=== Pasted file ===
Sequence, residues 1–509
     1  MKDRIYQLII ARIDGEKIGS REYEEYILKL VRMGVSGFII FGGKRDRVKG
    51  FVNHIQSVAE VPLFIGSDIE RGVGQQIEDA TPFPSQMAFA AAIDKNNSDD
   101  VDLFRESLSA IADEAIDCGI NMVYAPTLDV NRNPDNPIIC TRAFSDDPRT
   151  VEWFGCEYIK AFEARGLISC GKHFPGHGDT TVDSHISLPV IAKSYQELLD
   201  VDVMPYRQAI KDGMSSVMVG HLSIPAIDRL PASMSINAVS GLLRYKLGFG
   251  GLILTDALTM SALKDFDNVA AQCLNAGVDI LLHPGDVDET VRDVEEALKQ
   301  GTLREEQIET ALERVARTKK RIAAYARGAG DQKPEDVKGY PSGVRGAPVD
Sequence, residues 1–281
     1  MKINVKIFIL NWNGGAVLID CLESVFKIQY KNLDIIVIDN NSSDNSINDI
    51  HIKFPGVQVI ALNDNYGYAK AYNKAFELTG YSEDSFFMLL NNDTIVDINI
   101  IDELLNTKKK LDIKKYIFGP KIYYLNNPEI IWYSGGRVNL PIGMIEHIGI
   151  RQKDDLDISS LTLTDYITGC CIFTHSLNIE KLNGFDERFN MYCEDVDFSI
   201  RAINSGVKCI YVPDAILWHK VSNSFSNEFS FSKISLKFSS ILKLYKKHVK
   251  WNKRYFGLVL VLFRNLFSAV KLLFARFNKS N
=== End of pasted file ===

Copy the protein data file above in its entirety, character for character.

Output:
Sequence, residues 1–509
     1  MKDRIYQLII ARIDGEKIGS REYEEYILKL VRMGVSGFII FGGKRDRVKG
    51  FVNHIQSVAE VPLFIGSDIE RGVGQQIEDA TPFPSQMAFA AAIDKNNSDD
   101  VDLFRESLSA IADEAIDCGI NMVYAPTLDV NRNPDNPIIC TRAFSDDPRT
   151  VEWFGCEYIK AFEARGLISC GKHFPGHGDT TVDSHISLPV IAKSYQELLD
   201  VDVMPYRQAI KDGMSSVMVG HLSIPAIDRL PASMSINAVS GLLRYKLGFG
   251  GLILTDALTM SALKDFDNVA AQCLNAGVDI LLHPGDVDET VRDVEEALKQ
   301  GTLREEQIET ALERVARTKK RIAAYARGAG DQKPEDVKGY PSGVRGAPVD
Sequence, residues 1–281
     1  MKINVKIFIL NWNGGAVLID CLESVFKIQY KNLDIIVIDN NSSDNSINDI
    51  HIKFPGVQVI ALNDNYGYAK AYNKAFELTG YSEDSFFMLL NNDTIVDINI
   101  IDELLNTKKK LDIKKYIFGP KIYYLNNPEI IWYSGGRVNL PIGMIEHIGI
   151  RQKDDLDISS LTLTDYITGC CIFTHSLNIE KLNGFDERFN MYCEDVDFSI
   201  RAINSGVKCI YVPDAILWHK VSNSFSNEFS FSKISLKFSS ILKLYKKHVK
   251  WNKRYFGLVL VLFRNLFSAV KLLFARFNKS N